Weekend Warm-Up: Moose’s Tooth

Photo: Janelle Smiley

Twenty-four kilometres south of Denali, Moose’s Tooth stands a modest 3,150m. The relatively short ascent still packs a punch.

In this short video, Mark and Janelle Smiley take on the west ridge of Moose’s Tooth for the second time. Three years earlier, they had turned back before the summit in poor snow conditions. Their return was spurred by one of the bibles of climbing literature, Fifty Classic Climbs of North America, by Steve Roper and Allen Steck. The fifty climbs span the continent and offer a tantalizing checklist for the most committed. The Smileys hope to knock off all fifty.

Moose’s Tooth was proving a tricky forty-first hurdle. The difficulty of the west ridge is obvious: over a mile of heavily corniced ridgeline and plenty of loose snow and rock. The cornice looks particularly hairy, a huge overhang of snow that could hide a fracture point far from the lip. But that’s not all; first, there’s a hanging serac to nervously shuffle past and then the long ice couloirs to navigate.

No walk in the park. Photo: Mark Smiley

If the Smileys felt the weight of this objective danger, you wouldn’t know it from the video. The pair inch up the mountain in glorious sunshine. They set up high camp at 2,400m before a final tightrope to the main summit.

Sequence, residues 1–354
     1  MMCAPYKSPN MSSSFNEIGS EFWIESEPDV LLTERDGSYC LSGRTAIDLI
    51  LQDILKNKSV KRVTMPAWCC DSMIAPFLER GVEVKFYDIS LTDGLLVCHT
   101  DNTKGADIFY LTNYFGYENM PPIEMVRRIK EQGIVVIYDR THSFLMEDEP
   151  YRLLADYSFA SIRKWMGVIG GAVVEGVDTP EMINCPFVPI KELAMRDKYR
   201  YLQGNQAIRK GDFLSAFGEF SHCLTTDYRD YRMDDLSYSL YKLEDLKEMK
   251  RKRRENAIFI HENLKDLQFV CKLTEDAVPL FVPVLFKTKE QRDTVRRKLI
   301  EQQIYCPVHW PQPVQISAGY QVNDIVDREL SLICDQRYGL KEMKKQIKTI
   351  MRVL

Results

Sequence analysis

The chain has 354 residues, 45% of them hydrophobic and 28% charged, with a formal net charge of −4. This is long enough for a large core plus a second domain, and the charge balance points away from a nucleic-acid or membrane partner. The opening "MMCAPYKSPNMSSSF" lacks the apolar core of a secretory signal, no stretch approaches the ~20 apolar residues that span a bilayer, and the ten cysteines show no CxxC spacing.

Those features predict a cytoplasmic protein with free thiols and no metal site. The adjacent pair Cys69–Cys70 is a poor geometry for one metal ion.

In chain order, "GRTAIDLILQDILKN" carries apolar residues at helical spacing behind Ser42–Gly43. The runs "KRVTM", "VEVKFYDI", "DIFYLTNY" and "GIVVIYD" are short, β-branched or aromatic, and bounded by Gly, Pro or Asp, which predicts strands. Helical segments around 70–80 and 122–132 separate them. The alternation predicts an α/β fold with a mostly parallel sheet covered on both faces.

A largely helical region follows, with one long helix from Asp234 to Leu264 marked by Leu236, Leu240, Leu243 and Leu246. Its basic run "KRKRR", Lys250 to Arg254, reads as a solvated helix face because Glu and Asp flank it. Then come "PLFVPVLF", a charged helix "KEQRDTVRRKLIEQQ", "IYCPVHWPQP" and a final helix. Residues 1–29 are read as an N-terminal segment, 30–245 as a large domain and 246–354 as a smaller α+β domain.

Three years after their first attempt, they succeed in crossing off another classic climb from The Book. Reviewing their effort, Mark poses a question that only they can answer: “Am I using my skill here or just getting lucky, dodging bullets?”

0

About the Author

Martin Walsh

Martin Walsh

Martin Walsh is a freelance writer and wildlife photographer based in Da Lat, Vietnam.

A history graduate from the University of Nottingham, Martin's career arc is something of a smörgåsbord. A largely unsuccessful basketball coach in Zimbabwe and the Indian Himalaya, a reluctant business lobbyist in London, and an interior design project manager in Saigon.

He has been fortunate enough to see some of the world. Highlights include tracking tigers on foot in Nepal, white-water rafting the Nile, bumbling his way from London to Istanbul on a bicycle, feeding wild hyenas with his face in Ethiopia, and accidentally interviewing Hezbollah in Lebanon.

His areas of expertise include adventure travel, hiking, wildlife, and half-forgotten early 2000s indie-rock bands.

Subscribe
Notify of
guest
0 Comments
Inline Feedbacks
View all comments